The answer is simple, you can't. Persona 3 makes you pick and choose your activities and not over-schedule your life. I don't care if you do want to get into a good university after high school; the fate of the world rests on your shoulders. You can't go out hunting if you're too tired, and staying up late every night will make you fall asleep in class. This is a game about balancing all of the elements of teenage life, which is not too far off from what most teenagers experience every day.
The reason this works so well is because I genuinely cared what happened to these teenagers. It's rare for me to get so invested in a bunch of high schoolers, especially in a Japanese role-playing game. But I really connected with the plight of our hero. As soon as I saw how his everyday interaction influenced his demon hunting, I had no problem taking this game serious. It doesn't hurt that all of the school parts are wonderfully written and full of humor. Figuring out how I was going to spend my day is just as exciting as deciding on what attack to use in the heat of battle.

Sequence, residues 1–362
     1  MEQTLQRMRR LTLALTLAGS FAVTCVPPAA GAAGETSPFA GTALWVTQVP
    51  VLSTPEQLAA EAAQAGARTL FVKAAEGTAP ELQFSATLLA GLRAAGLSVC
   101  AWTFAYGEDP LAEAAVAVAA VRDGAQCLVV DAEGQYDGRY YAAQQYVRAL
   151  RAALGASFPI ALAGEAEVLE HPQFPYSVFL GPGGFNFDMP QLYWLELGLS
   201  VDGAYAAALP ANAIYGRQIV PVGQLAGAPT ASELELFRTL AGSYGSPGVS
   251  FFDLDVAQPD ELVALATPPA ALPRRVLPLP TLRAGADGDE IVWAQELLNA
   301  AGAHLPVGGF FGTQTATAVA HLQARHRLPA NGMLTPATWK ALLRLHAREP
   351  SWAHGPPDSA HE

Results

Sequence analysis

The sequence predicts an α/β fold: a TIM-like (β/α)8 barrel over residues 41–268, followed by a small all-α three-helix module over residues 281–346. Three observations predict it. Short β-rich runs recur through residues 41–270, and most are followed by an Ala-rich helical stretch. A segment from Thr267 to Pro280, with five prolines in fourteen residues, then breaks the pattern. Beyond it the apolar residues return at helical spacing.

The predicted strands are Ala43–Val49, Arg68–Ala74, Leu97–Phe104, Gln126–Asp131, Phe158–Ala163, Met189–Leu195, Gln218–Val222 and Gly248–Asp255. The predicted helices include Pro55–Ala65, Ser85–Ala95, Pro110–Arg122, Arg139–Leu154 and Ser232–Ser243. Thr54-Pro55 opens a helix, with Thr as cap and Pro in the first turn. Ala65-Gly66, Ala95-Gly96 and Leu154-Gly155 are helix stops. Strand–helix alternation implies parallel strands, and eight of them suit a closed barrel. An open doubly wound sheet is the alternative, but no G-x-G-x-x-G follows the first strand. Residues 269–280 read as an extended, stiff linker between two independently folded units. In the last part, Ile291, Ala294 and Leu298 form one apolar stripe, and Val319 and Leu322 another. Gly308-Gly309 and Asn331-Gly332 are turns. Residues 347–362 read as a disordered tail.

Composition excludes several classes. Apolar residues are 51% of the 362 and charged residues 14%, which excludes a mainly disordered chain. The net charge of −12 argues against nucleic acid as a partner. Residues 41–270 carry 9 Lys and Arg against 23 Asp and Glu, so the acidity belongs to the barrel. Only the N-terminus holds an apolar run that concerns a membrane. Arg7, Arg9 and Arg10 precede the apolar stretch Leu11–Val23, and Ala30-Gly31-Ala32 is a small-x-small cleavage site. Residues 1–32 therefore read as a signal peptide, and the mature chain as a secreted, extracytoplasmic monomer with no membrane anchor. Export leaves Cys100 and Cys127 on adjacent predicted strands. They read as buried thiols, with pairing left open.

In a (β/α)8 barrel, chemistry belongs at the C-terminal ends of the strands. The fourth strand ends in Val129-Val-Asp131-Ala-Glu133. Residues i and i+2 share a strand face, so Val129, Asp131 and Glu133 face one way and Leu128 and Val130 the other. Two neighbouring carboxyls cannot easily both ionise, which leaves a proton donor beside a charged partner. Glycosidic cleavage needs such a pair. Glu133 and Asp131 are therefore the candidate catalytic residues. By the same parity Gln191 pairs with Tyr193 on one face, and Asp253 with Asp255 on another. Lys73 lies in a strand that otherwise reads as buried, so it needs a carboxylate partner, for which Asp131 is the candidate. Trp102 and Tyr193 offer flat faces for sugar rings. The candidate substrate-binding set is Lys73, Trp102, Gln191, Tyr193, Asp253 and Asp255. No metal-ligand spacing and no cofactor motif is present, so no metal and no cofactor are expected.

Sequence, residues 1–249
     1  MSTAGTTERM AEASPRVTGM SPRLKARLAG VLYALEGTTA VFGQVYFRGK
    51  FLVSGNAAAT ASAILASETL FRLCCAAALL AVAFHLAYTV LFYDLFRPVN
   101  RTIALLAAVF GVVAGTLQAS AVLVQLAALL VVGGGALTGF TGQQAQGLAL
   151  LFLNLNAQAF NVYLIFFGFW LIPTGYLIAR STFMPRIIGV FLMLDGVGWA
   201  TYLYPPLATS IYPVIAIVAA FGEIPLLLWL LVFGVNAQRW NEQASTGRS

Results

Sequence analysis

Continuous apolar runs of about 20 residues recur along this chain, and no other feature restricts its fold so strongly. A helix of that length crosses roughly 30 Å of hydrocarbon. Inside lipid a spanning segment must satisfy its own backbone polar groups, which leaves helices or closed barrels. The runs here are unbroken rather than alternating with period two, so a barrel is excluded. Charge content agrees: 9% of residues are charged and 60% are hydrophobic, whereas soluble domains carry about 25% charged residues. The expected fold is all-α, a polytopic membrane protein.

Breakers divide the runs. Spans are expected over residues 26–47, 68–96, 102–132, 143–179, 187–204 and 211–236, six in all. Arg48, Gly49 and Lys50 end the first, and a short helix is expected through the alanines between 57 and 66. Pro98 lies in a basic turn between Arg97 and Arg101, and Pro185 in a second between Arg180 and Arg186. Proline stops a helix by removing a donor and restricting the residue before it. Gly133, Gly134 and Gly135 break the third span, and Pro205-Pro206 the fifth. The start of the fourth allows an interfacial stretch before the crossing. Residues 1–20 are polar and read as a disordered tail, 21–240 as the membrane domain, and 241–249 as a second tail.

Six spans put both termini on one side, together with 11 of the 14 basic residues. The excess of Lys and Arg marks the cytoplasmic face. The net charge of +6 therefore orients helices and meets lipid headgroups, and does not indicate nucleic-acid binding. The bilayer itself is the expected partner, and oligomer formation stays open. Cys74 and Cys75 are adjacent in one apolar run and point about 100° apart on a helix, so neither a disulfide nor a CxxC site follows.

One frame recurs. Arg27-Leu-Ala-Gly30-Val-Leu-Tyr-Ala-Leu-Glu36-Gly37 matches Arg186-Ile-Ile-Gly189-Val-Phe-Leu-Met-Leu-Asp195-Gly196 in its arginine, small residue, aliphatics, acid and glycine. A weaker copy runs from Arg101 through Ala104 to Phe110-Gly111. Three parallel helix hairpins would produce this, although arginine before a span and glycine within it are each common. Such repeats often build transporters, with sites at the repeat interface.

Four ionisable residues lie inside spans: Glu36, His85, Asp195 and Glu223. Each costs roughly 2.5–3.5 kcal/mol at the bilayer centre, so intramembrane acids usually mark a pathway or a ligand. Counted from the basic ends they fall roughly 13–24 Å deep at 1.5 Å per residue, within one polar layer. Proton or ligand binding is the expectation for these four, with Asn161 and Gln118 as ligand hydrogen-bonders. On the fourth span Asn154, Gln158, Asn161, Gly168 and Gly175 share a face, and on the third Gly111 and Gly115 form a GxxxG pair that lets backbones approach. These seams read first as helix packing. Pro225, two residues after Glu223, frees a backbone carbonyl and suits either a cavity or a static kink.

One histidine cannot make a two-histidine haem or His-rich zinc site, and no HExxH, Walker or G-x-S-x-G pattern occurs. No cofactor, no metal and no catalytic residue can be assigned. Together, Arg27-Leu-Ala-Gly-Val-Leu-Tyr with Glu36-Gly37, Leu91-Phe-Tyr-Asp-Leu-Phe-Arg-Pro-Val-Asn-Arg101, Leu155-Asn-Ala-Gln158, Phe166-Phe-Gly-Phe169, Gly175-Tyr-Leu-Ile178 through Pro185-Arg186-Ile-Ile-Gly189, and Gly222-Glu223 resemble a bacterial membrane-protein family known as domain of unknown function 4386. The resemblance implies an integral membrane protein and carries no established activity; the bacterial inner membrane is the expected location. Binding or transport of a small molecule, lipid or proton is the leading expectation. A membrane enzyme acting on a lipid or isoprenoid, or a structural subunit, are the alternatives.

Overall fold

When you're done studying and hanging out with friends, it's time to get serious and take to the mysterious tower of Tararus. We learn that each day the tower completely redesigns itself, so the layout of each floor is completely random. That's probably for the best, because much of this game involves you running around these labyrinthine corridors battling monsters and looking for the stairway to the next floor. There are no random battles; you will be able to see all of the monsters before you run into them. And once in battle you are free to put the game on auto-pilot, if you're the kind of person who plans on doing a lot of grinding.